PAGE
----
Sleep disturbances are frequently associated with, and can comprise core features of, anxiety disorders. Studies using objective sleep recordings have demonstrated impaired sleep initiation and maintenance in persons with generalized anxiety disorder or panic disorder, but a normal latency to REM sleep. Increased phasic motor activity and eye movement density during REM sleep have been reported in combat veterans with post-traumatic stress disorder: moreover, nightmares and other symptomatic awakenings disproportionately arise from REM sleep.
One of the most consistent behavioral manifestations of sleep loss is the worsening of mood state. With prolonged sleep deprivation it is possible to observe an increase in self-reported feelings of depressed mood, anger, frustration, and anxiety. Interestingly, there is little evidence that waking stress leads to increased REM, although there have been reports of small elevations in REM following severe emotional upset. REM sleep might have some sort of calming effect.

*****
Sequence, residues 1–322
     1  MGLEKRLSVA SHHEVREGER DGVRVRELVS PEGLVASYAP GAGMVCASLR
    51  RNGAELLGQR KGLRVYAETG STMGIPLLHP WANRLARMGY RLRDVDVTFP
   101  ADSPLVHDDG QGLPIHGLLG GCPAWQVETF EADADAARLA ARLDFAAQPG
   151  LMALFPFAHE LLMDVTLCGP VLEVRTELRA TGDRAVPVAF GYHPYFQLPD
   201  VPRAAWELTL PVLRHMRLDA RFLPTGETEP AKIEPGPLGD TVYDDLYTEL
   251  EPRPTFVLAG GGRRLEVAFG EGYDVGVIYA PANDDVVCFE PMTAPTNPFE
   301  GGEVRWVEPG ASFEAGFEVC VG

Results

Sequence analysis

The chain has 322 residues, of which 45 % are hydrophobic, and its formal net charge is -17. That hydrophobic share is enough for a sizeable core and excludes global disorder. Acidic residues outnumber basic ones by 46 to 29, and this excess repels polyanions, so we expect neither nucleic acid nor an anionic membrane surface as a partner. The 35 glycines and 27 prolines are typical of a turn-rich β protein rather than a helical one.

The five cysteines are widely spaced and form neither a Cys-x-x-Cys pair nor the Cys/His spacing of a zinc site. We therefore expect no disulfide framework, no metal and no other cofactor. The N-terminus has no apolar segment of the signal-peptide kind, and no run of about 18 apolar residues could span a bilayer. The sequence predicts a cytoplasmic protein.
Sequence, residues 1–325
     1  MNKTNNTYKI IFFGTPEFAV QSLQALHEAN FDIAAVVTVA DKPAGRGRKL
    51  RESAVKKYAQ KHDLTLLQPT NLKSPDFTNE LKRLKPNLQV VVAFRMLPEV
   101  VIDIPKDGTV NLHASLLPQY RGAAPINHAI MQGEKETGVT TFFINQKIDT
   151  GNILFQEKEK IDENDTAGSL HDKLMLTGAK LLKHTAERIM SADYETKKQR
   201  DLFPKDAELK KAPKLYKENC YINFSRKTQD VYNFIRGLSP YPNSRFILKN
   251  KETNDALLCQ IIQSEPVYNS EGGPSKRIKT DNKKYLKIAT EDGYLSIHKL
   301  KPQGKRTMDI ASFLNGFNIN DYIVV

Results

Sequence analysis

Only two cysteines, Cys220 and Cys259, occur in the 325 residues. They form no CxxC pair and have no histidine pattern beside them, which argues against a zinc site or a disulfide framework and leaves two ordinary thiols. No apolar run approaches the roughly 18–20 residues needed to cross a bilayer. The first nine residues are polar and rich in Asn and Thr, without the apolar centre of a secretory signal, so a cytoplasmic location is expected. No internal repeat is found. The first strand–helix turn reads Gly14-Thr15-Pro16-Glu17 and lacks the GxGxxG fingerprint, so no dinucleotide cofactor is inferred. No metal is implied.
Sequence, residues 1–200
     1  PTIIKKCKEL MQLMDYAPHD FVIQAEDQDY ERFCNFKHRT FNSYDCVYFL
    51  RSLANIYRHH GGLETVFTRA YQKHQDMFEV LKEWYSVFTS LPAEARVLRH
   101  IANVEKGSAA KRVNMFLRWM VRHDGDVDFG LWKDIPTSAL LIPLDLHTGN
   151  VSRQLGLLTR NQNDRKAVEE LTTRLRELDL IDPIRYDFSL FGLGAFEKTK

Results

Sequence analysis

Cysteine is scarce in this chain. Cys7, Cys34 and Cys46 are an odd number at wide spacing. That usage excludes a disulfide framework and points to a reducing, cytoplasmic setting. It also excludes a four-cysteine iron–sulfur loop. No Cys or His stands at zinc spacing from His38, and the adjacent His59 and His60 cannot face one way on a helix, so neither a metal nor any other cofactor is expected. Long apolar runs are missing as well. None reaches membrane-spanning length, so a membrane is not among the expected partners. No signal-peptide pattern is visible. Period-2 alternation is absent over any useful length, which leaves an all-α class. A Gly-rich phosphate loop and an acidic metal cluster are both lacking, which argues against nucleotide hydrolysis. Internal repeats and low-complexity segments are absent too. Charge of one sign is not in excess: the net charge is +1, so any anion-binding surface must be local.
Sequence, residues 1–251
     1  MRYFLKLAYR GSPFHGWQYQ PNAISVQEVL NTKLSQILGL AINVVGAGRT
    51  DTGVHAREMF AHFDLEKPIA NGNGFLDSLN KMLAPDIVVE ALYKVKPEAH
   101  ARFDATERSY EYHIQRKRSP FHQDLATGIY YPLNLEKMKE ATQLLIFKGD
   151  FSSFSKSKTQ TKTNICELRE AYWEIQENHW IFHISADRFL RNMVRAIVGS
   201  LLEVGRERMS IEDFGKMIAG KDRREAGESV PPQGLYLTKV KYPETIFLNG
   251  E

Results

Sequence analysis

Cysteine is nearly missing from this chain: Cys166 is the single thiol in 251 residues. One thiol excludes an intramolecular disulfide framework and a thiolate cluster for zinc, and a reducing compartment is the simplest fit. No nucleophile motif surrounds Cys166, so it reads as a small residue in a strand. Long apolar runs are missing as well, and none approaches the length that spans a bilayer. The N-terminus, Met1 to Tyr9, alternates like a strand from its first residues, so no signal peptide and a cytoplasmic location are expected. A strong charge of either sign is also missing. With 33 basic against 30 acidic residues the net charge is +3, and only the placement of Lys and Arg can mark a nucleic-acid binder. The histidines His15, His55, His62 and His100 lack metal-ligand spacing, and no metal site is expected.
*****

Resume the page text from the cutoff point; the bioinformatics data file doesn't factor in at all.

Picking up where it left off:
The relationship between somatic distress and dream disturbance has been recently investigated: individuals who reported more incidents of both bad dreams and nightmares did report higher levels of somatic distress. However, REM sleep behavior disorder (RBD), a parasomnia characterized by complex and often violent motor behaviors that emerge from REM sleep and that are associated with violent and unpleasant dreams, represents a particular condition. A discrepancy between the aggressiveness displayed in dreams and the placid and mild-mannered temperament has been observed in patients with RBD.